The American Dream can be defined in many different ways by many different people. Similar to our Financial Independence question that I posted in April, I am curious what those of you in the personal finance community (and, quite frankly, those outside of it as well) think happened to the American Dream. Is it still alive and well, and can it still be “achieved”?
If you do a Google search for “Is the American Dream dead”, the results aren’t pretty.
For example, Richard Eskow writes that the American Dream is dead because people “can’t get ahead financially” and that living debt-free is only for the rich.
Researcher Gregory Clark believes that the American Dream has always been an illusion, and that “Blindly pursuing that dream now will only lead to a future with dire social challenges”.
Amazingly, the USA Today put a price tag on what the American Dream supposedly costs. The number? $130,357. And there ya have it, it’s as simple as that. Apparently, if you don’t have $130 Gs, the American Dream is not for you. How stupendously simple.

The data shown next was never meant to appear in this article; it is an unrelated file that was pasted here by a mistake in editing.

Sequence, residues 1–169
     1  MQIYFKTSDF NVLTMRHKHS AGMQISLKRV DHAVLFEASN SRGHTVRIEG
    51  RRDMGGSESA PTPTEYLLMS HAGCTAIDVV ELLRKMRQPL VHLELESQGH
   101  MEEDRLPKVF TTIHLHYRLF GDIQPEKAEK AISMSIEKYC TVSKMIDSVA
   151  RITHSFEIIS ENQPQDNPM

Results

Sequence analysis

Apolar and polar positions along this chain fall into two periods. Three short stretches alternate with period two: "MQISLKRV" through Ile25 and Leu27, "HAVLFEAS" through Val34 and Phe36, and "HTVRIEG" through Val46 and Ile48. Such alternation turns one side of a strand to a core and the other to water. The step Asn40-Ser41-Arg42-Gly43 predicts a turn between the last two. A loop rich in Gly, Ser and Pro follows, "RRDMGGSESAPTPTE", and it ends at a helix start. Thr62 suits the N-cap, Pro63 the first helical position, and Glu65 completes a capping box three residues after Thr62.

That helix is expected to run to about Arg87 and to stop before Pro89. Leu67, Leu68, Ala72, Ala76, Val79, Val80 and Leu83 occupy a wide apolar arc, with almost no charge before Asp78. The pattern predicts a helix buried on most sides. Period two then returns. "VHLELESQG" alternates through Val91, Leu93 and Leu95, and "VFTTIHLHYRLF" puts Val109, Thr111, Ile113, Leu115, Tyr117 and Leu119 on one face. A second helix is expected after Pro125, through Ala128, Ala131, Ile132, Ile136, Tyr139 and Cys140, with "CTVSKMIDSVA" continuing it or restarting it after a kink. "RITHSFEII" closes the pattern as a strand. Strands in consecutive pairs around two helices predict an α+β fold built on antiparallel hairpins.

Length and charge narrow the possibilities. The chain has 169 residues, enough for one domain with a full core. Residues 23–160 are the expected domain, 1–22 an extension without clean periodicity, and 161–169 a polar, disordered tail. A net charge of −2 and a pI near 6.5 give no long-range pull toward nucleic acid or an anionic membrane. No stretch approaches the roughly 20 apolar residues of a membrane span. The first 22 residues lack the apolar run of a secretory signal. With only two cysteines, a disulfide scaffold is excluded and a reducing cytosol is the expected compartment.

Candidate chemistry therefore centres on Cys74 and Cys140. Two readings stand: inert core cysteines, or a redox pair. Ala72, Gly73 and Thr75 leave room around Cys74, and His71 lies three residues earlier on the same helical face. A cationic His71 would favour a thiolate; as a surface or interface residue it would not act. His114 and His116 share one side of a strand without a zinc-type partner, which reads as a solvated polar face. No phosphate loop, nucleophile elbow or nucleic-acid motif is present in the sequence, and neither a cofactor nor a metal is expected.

Is there any validity to this pessimism? First, we need to determine what the American Dream actually is. Naturally, most definitions are different.
Is the American Dream the ability to start a family, buy some property and live in a nice comfortable home? Maybe it is the freedom to choose your own path in life, shape your future in your own unique way and set forth down a path that is truly yours and tailored to your individual wants and desires.
If we take our cues from society, the norm in life can be roughly distilled down to something along the lines of this: earn a college degree, get married, buy a house in the suburbs, have a few kids, retire by 65 and live out the rest of your life like normal Americans.
Is this the American Dream? What if you want something different?
According to Wikipedia, the American Dream is thusly defined: “The American Dream is a national ethos of the United States, a set of ideals in which freedom includes the opportunity for prosperity and success, and an upward social mobility for the family and children, achieved through hard work in a society with few barriers“.